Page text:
func (*Helper) HTTPCallWithOpts

func (h *Helper) HTTPCallWithOpts(method, url string, obj interface{}, opts CallOpts) error

HTTPCallWithOpts mirrors HTTPCallRawWithOpts bar the returning byte body is unmarshalled into a given object pointer

func (*Helper) HTTPCallWithOptsWithContext

func (h *Helper) HTTPCallWithOptsWithContext(ctx context.Context, method, url string, obj interface{}, opts CallOpts) error

type JSON

type JSON struct {

Based on

func Parse

func Parse(b []byte) (*JSON, error)

ParseInterface parse a bytes slice into a JSON object.

func ParseInterface

func ParseInterface(obj interface{}) (*JSON, error)

ParseInterface attempts to coerce the input interface and parse it into a JSON object.

func (*JSON) MarshalJSON

func (j *JSON) MarshalJSON() ([]byte, error)

MarshalJSON returns the JSON data if it already exists, returns an empty JSON object as bytes if not.

func (*JSON) UnmarshalJSON

func (j *JSON) UnmarshalJSON(b []byte) error

UnmarshalJSON parses the JSON bytes and stores in the *JSON pointer.

type Opts

type Opts struct {
	Name   string `json:"name"`
	Path   string `json:"path"`
	Lambda bool   `json:"Lambda"`

Opts is the options for each bridge

type Param

type Param struct {
	Key   string
	Value string

Query is the Auth implementation that requires GET param set

func (*Param) Authenticate

func (p *Param) Authenticate(r *http.Request)

Authenticate takes the `apikey` in the GET param and then authenticates it with the KeyManager

type Result

type Result struct {
	JobRunID  string      `json:"jobRunId"`
	ID        string      `json:"id,omitempty"`
	TaskRunID string      `json:"taskRunId,omitempty"`
	Status    string      `json:"status"`
	Error     null.String `json:"error"`
	Pending   bool        `json:"pending"`
	Data      *JSON       `json:"data"`

Result represents a Chainlink JobRun

func (*Result) SetCompleted

func (r *Result) SetCompleted()

SetCompleted marks a result as completed

func (*Result) SetErrored

func (r *Result) SetErrored(err error)

SetCompleted marks a result as errored

func (*Result) SetJobRunID

func (r *Result) SetJobRunID()

SetJobRunID sets the request's ID to the result's Job Run ID. If "jobRunId" is supplied in the request, use that for the response.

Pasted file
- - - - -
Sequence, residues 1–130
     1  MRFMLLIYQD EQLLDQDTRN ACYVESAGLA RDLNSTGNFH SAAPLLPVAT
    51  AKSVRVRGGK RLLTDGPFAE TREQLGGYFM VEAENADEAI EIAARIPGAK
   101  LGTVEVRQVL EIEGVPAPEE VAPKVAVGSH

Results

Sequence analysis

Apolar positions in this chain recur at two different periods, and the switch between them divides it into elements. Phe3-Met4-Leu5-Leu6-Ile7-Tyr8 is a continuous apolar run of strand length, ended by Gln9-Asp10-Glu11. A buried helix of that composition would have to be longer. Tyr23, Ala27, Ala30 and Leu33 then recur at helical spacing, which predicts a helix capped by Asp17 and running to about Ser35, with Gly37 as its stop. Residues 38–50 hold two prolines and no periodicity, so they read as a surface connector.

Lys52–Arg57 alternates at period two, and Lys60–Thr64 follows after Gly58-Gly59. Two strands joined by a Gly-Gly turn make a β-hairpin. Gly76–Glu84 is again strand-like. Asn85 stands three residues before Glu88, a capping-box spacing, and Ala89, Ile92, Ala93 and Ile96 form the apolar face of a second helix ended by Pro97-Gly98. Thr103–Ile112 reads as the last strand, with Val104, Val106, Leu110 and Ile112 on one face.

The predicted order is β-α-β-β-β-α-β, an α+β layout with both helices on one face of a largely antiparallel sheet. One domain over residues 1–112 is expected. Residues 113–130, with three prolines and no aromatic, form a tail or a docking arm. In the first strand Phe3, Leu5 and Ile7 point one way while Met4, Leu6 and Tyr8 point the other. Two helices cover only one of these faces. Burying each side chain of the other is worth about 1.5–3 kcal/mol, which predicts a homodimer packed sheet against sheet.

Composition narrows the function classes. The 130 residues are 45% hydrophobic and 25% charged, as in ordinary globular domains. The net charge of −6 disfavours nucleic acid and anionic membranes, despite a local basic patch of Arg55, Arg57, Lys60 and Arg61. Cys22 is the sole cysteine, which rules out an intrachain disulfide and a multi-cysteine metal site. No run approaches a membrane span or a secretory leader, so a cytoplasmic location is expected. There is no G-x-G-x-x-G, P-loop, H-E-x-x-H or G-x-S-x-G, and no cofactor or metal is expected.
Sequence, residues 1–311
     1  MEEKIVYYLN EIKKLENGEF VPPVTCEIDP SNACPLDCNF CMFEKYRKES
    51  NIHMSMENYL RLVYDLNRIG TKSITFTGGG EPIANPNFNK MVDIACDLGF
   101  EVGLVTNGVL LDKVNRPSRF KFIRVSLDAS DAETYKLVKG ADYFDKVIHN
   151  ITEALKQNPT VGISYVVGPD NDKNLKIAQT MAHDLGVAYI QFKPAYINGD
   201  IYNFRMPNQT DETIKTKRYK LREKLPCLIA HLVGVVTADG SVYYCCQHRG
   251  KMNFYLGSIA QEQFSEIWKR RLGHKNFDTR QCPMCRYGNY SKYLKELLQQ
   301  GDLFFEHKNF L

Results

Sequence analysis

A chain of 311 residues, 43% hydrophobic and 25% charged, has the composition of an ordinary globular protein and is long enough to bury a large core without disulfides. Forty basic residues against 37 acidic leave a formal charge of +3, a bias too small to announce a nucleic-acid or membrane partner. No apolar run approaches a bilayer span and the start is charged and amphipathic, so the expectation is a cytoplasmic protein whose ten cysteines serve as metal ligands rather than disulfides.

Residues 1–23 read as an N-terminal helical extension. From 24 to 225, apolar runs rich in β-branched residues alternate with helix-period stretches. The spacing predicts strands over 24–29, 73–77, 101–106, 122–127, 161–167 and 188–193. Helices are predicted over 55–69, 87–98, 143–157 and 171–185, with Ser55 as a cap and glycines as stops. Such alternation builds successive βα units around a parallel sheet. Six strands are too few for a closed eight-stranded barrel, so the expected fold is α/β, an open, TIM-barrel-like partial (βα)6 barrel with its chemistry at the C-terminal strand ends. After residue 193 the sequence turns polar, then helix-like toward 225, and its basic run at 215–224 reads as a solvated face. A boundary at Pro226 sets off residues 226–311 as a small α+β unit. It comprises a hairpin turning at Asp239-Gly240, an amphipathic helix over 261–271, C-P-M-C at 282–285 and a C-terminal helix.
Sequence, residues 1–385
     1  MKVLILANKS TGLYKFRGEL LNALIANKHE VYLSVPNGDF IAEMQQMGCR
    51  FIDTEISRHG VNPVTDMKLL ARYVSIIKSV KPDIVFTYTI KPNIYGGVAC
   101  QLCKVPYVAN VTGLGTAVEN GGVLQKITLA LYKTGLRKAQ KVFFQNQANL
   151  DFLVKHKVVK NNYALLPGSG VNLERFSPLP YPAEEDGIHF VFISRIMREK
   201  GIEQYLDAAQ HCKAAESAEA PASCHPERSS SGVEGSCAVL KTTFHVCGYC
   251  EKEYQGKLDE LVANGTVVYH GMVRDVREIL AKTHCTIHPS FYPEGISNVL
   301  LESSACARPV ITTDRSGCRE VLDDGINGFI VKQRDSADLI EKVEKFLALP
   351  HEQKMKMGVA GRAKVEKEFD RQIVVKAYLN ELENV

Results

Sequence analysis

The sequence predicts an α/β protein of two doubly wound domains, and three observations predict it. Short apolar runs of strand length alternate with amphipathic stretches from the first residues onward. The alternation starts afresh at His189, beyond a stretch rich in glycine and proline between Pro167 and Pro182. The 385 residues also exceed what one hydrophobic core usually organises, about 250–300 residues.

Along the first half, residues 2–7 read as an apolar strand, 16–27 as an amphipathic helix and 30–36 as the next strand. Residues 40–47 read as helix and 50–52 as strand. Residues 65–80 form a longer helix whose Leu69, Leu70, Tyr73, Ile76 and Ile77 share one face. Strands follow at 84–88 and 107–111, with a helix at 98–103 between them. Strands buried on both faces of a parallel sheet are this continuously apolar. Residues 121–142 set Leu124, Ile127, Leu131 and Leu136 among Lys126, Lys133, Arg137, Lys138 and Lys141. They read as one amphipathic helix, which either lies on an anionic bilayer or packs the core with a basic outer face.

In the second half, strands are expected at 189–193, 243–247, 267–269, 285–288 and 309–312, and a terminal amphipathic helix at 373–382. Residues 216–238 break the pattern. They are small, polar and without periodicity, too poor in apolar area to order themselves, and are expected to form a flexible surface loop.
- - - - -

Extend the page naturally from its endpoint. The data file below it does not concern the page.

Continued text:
type Server

type Server struct {
	// contains filtered or unexported fields

Server holds pointers to the bridges indexed by their paths and the bridge to be mounted in Lambda.

func NewServer

func NewServer(bridges ...Bridge) *Server

NewServer returns a new Server with the bridges in a map indexed by its path. Once returned, the server can be started to listen for any new requests.

If a bridge is passed in that has a duplicate path then the last one with that path will be mounted.

Any bridge with an empty path gets assigned "/" to avoid panics on start.

func (*Server) Handler

func (s *Server) Handler(w http.ResponseWriter, r *http.Request)

Hander is of http.Handler type, receiving any inbound requests from the HTTP server when the bridge is ran local

func (*Server) Lambda

func (s *Server) Lambda(r *Result) (interface{}, error)

func (*Server) Mux

func (s *Server) Mux() http.Handler

HTTPMux returns the http.Handler for the go http multiplexer, registering all the bridges paths with the handler

func (*Server) Start

func (s *Server) Start(port int)

Start the bridge server. Routing on how the server is started is determined which platform is specified by the end user. Currently supporting:

- Inbuilt http (default)
- AWS Lambda (env LAMBDA=1)

Port only has to be passed in if the inbuilt HTTP server is being used.

If the inbuilt http server is being used, bridges can specify many external adaptors as long if exclusive paths are given.

If multiple adaptors are included with Lambda/gcp enabled, then the first bridge that has it enabled will be given as the Handler.

Source Files